Tuesday, June 03, 2008

Follow-up

John Beamer was good enough to reply to my commentary. He makes some good points, but repeats the mistake of the original article when he says:

"If you take a look at the price of the NL east since Saturday the probabilities have changed more or less as you'd expect."

Yes, they have. However, the prices did not change because people were trading futures; they moved because TradeSports deliberately altered the prices at which they would accept a purchase or sale.

To wit, here's a chart tracking Atlanta's share price to win the NL East, over the past week:

Braves chart

Notice that no one traded any Braves contracts from May 31-June 2. Even though the Braves lost three straight games in this span, their share price on the graph remained constant, because no one was buying or selling. (In keeping with the focus of my last post, notice also that their share price moved in response to very little activity early in the week--no 'wisdom of crowds' here, just the wisdom of one individual trader.)

Now, during this losing streak, the price at which you could buy or sell stock in the Braves did change each day in response to the losses--but this is only because TradeSports changed those prices themselves without any input from bettors.

Let's compare two ways of measuring how much people will pay for an ear of corn in a small town. At one end of the spectrum, we have a farmer's market where competition is fierce and customers are willing to haggle to get the best deal. At the polar opposite, we have a local supermarket, where there's no competition and prices are fixed but subject to change. If the supermarket puts corn on sale for half price, does this mean that the value of the corn itself has changed? My guess is that the prices at the farmer's market will provide a much better estimate of how much the locals really value their corn.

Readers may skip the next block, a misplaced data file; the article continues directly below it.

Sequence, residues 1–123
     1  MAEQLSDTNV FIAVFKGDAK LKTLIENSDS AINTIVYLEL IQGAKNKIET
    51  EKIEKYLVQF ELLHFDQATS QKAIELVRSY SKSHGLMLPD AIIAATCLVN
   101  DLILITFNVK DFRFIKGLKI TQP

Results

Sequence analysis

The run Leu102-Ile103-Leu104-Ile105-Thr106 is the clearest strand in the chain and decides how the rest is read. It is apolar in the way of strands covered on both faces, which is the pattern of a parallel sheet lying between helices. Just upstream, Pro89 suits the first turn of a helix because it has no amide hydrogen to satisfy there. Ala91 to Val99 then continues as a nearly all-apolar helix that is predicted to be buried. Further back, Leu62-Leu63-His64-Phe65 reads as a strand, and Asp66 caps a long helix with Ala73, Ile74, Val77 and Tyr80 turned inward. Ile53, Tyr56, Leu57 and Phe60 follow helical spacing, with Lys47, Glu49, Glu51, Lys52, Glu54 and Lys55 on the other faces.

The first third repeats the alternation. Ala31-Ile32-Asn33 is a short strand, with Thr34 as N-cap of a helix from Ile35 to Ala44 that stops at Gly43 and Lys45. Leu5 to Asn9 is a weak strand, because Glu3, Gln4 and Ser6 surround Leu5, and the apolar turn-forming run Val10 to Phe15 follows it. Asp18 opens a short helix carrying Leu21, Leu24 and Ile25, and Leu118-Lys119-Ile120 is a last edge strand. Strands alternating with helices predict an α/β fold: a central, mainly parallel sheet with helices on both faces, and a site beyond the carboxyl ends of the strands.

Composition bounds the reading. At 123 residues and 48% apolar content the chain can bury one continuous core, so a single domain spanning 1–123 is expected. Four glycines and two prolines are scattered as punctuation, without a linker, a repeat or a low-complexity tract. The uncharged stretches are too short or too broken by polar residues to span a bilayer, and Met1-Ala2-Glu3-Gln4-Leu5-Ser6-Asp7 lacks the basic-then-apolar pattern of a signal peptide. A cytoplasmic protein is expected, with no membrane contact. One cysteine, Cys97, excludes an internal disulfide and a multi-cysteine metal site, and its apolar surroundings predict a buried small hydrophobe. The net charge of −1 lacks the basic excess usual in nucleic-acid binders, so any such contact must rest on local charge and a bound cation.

TradeSports isn't as one-dimensional as the supermarket in this example--the prices do change in response to trading activity as well as TradeSports's own manipulation--but if we're going to use this data scientifically, we must differentiate between those price changes that result from traders actively buying and selling, and those that simply reflect the opinion of a TradeSports employee. If not, we're giving that employee too much credit.

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